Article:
CHIAVARI, Italy – In the years leading up to my move to Italy, I spent most of my spare time studying Italian or pouring over maps of the country. I knew I was going to move there, I just didn’t know when and I didn’t know where. What I was thinking about back then was what I liked, being by the sea for one, and what was important to me, being able to support myself, and how much those two elements would influence my choice of place.
I had done my fair share of traveling in Italy, both for business and pleasure. I knew it was full of beautiful places; there was no doubt of about that. I even lived in Rome for a while so I was not a stranger to the country, but traveling with a return ticket in your pocket is one thing, moving house and home across an ocean is another.
I generated endless lists. Pros and cons of living in . . . you name it, I thought about it. I also thought about something else. I thought about my grandmother and what she must have been thinking as she prepared to leave Italy forever back in 1915. It was a different world then and she never had the opportunity to travel and know her chosen destination as I did. But even though she had never been there, she was the one who initiated the move to America. My grandfather didn’t want to go. For him, moving from Farnese, where he was born, to my grandmother’s home town of Piansano, a distance of 11 miles/17 kilometers, was just about all the moving he had ever planned to do in his lifetime.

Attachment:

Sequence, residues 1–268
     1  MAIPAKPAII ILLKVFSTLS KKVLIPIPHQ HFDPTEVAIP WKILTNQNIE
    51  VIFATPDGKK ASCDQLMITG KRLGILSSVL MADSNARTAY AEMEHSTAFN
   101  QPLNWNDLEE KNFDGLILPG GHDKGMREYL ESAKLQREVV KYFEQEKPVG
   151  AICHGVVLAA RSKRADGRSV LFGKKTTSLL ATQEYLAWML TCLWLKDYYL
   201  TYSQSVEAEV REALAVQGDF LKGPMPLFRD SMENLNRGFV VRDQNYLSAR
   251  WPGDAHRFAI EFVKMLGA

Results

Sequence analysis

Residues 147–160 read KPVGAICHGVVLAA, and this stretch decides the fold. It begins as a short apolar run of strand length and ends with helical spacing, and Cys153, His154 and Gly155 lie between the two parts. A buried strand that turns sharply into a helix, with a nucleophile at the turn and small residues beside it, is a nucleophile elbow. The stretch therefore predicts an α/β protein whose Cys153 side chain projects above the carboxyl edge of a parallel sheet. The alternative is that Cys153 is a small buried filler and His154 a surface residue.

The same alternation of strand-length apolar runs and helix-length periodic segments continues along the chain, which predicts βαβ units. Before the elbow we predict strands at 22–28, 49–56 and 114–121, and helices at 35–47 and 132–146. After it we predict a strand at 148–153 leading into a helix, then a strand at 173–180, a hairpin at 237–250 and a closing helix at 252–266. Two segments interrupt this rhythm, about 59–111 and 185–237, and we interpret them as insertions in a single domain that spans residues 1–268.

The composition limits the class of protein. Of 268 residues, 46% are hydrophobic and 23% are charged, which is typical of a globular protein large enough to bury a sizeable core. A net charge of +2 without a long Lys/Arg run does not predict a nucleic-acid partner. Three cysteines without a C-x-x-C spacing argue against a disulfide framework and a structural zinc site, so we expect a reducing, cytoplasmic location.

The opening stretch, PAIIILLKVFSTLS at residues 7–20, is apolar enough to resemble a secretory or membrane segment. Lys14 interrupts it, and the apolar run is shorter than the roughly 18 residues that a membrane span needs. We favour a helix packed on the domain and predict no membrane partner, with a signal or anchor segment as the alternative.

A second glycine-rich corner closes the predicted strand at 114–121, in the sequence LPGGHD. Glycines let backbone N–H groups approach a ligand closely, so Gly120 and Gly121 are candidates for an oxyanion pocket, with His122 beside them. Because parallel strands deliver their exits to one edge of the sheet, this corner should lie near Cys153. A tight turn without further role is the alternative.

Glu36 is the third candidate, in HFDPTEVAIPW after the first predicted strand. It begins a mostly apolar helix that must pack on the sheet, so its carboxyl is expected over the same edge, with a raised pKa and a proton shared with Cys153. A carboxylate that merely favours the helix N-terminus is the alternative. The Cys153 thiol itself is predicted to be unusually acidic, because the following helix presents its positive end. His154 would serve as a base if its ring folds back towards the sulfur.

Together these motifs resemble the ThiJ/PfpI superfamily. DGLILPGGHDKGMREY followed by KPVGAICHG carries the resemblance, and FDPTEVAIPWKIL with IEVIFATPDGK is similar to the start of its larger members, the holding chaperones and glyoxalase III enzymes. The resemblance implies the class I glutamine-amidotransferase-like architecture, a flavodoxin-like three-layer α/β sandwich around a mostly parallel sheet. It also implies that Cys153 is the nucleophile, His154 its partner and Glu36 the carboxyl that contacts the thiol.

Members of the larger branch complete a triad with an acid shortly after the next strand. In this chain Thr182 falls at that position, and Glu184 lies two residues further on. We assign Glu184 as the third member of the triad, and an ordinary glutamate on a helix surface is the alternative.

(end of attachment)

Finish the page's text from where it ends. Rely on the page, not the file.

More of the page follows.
And yet he was the one who boarded that ship in Naples, he was the one who found a job, found the town they would live in, started a business and made a life for his family. Granted, my grandmother was a force to be reckoned with, much more ferocious than any problem he might face as a stranger in a strange land, but nonetheless it took a great deal of corraggio to do what he did. Did I have that courage? I wasn’t sure.
It was a side trip to Lerici, a small town on the Ligurian coast, that finally decided where I was going to live in Italy. There is really nothing special about Lerici, it’s like so many other pretty little towns in Liguria, the houses are painted in pastel colors, it has picturesque little streets, the sea is beautiful, the food is good. But something happened to me there that I can’t explain.
My compagno and I stayed in an old renovated villa/hotel near the sea, and one afternoon as we were looking around we found the ballroom and snuck in. It was a beautiful room with exquisite floors typical of Genovese villas, a ceiling decorated with putti and clouds and garlands of flowers, the colors a bit faded but it didn’t matter. It was magical. As we waltzed around the empty room to the music in our heads, the magic of the moment took us back to days long ago when the villa was a lively place filled with music and song.
Later that night we went to the movies, sitting outdoors on rickety fold-up chairs in a small piazza with the rest of the townsfolk. We sat holding hands as we watched the film, batting away mosquitoes the best we could. At that point the decision had been made. I knew where I wanted to live when I moved to Italy. Liguria.